We need to watch the composite materials in the market – and to understand them. But long-term performance, ageing and crash performance remain important and to some extent unresolved issues for these materials. So I do consider them part of our competition base and we will not lose track of them, but I think our first line of attack will be to make sure we don’t see a proliferation of aluminium.

Hybrid and electric cars

The weight reduction goals in vehicles of this nature are less than in traditional combustion-engine vehicles. This is because of energy recovery in braking, and also because electric vehicles change CO2 generation so dramatically that reduction targets will be met through engine technology, rather than weight. This does not mean that we will not be challenged in these areas. As a World Steel Association member we will be working on offering parallel solutions predominantly to electric vehicles, because the architecture of hybrid vehicles remains largely the same. So we are making sure that we have a full complement of material and design solutions to meet all the requirements of the evolution that vehicles are going through, both combustion-engine and electric vehicles.

Today’s challenges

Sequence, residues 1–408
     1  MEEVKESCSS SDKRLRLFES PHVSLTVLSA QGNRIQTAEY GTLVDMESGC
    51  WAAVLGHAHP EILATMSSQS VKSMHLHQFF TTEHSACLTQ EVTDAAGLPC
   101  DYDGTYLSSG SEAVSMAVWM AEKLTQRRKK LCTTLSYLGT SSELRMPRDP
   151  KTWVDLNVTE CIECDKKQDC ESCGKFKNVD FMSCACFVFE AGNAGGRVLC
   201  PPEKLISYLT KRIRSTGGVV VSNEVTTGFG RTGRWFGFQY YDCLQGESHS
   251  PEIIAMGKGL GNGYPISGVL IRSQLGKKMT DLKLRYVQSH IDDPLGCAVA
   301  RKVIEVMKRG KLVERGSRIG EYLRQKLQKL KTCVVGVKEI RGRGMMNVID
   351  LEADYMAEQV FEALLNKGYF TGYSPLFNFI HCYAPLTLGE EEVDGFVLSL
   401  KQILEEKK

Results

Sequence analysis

If you look at the major driving forces affecting the direction of our research and our products, I would say that environmental issues are dominating the field. I would never disregard the cost issue, but certainly for automotive companies, compliance is paramount. Our Life Cycle Analysis tools for steel products make it possible for us to analyse and understand places in the life cycle where environmental impacts are most critical, enabling project teams to develop effective solutions or alternatives that help minimise negative effects. The World Steel Association awarded us the first prize for our innovative work in life-cycle analysis.

Internal customers

R&D is playing a big role in reducing manufacturing costs, such as energy, raw materials, and so on. For example, we have developed energy optimisation models that have already been deployed in three of our facilities, and now we have a plan to deploy them globally. In terms of energy reduction, we are working on technologies that will use significantly less energy to produce steel. We are supporting our business units in using energy-efficient technology; exploring the use of low-cost raw materials, such as iron ore that has some impurities but is cheaper; looking for a way to use a high proportion of non-coking coals to produce coke; and a series of other activities with a significant impact on cost.

Employee pride

I strongly believe in the importance of pride. I think every person working for our company wants to be proud of being part of this organisation. I would like people to be proud of being a part of R&D, and what makes people proud is accomplishments. We ensure success with a multi-disciplinary approach to research, giving equal emphasis to metallurgical, chemical, mechanical, thermal and construction engineering. We believe that true breakthroughs take place on the interface of different components of science.

Greg Ludkovsky is head of ArcelorMittal’s global research and development team.